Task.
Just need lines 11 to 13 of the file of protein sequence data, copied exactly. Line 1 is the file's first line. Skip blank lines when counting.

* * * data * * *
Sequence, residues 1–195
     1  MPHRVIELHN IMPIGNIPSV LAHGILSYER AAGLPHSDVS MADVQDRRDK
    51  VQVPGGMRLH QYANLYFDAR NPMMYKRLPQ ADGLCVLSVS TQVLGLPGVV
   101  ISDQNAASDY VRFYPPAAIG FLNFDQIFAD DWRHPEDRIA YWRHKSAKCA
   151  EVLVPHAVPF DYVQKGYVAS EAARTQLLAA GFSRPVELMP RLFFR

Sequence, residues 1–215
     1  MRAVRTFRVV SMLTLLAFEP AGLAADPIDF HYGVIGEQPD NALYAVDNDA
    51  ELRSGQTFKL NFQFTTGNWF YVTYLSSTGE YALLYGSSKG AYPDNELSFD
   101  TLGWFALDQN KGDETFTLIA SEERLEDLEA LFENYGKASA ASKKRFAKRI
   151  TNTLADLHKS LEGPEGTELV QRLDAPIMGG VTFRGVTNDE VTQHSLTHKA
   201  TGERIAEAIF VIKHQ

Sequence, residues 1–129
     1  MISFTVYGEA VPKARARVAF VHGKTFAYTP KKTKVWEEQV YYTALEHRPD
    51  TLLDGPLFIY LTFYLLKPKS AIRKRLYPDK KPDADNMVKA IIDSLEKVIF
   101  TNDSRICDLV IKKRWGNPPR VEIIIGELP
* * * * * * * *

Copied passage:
   201  TGERIAEAIF VIKHQ

Sequence, residues 1–129
     1  MISFTVYGEA VPKARARVAF VHGKTFAYTP KKTKVWEEQV YYTALEHRPD